A bill introduced in Congress this week calls for a federal study on the possibilities of coastal seaweed farming, and creating a new seaweed farming fund to “reduce cost barriers for indigenous communities, emboldening them to participate in coastal seaweed farming,” according to sponsors Reps. Jared Huffman, D-Calif., and Mary Peltola, D-Alaska.
The Coastal Seaweed Farm Act would direct the National Oceanic and Atmospheric Administration and U.S. Department of Agriculture to produce a joint study “evaluating the benefits and impacts of coastal seaweed farming and devise necessary metrics and regulations,” according to a statement Wednesday from Huffman and Peltola.
“Coastal seaweed farming has tremendous potential to serve as a sustainable replacement in food products, fertilizer, and animal feed; and it comes with a myriad of benefits for coastal communities – supporting local economies, providing food security, and regenerating marine ecosystems,” said Huffman.
“We also want to ensure equity in this field so that indigenous people can continue benefiting from the industry – so our bill creates a grant program to reduce cost barriers for native communities, many of whom have farmed seaweed for thousands of years.”
“Alaska and our Indigenous cultures have been leading the way in mariculture and responsible ocean harvesting for thousands of years,” said Peltola. “This act recognizes Alaska’s unique environment and the crucial relationships between our coastal and near-coastal communities, Tribal organizations, and Alaska Native Corporations, all of which are part of this sector."
The Coastal Seaweed Farm Act directs NOAA and the USDA to:
· Study and publish a report on the benefits and impacts of coastal seaweed farming on the marine ecosystem.
· Develop regulations and establish evaluation metrics based on the study to ensure coastal seaweed farming, siting, and operations maximize potential benefits and avoid adverse impacts on the ecosystem, wildlife, fisheries, and local communities.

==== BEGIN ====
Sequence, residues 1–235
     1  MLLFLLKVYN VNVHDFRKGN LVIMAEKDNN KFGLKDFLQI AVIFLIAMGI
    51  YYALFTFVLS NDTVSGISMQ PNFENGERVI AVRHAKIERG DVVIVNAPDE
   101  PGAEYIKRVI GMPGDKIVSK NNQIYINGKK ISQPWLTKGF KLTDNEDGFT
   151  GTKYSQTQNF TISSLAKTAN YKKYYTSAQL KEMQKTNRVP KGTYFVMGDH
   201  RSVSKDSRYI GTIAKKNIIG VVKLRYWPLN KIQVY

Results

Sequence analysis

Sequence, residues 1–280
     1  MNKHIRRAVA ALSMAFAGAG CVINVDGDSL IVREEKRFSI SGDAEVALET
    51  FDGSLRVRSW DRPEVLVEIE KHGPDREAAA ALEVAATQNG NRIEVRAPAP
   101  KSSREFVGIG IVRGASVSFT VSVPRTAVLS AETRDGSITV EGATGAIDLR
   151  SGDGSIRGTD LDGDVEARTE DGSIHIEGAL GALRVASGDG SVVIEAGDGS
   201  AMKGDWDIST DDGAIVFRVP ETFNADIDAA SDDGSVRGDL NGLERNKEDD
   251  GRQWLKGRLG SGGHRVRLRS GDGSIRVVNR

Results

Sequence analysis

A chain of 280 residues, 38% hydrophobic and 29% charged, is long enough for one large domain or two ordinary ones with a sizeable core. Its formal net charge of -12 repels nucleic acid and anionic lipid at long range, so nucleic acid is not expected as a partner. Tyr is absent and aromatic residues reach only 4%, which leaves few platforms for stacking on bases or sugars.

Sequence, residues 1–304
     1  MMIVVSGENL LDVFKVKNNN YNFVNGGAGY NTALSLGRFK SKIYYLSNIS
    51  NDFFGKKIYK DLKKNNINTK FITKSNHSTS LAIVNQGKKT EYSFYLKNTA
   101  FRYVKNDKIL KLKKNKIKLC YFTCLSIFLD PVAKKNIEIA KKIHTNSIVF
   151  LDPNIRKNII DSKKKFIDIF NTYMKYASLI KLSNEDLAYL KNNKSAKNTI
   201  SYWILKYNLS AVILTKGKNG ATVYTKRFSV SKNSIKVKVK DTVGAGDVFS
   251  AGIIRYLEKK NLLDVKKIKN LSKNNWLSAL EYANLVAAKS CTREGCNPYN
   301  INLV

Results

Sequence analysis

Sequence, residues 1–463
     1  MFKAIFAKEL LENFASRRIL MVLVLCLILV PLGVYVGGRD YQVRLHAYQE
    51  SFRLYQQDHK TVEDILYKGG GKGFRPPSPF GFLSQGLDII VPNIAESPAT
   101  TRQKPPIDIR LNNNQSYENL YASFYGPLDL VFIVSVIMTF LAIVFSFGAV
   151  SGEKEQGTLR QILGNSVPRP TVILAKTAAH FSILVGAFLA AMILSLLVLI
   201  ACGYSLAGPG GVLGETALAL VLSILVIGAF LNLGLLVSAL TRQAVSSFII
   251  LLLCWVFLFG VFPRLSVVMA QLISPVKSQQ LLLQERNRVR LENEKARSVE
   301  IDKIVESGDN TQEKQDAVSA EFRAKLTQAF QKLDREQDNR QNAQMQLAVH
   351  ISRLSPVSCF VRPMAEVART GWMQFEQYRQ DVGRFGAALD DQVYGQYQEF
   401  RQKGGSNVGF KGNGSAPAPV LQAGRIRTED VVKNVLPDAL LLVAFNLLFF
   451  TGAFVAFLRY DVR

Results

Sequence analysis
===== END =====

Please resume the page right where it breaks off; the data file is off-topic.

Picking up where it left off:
· Collaborate with the Interagency Working Group on Indigenous Traditional Ecological Knowledge, states, tribes, local governments and other federal agencies on best practices.
· Develop food safety regulations on farmed seaweed in coordination with the Food & Drug Administration.
· Provide educational materials for the training of incoming coastal seaweed farmers, prioritizing indigenous communities after the study is complete.
The Coastal Seaweed Farm Act’s Indigenous Seaweed Farming Fund would provide grants to Indigenous communities to:
· Support coastal seaweed farming, including for purchasing equipment, obtaining, planting, and operating a coastal seaweed farm as well as processing, transporting, and storing seaweed.
· Use coastal seaweed farming for restorative ecological functions.
· Require USDA and NOAA to provide outreach to eligible entities and solicit comments and recommendations on each stage of operation of the grant program.
Funding under the legislation would be available to entities including federally recognized Tribes, Native Villages, Native Hawaiians, Pacific Islanders, Native people of Puerto Rico and U.S. Virgin Islands, state-recognized Tribes, and Alaska Native Corporations.
The bill is endorsed by the Environmental Defense Fund, the National Audubon Society, the New England Aquarium, the Monterey Bay Aquarium, Don’t Cage Our Oceans, Native Conservancy, and the Urban Ocean Lab.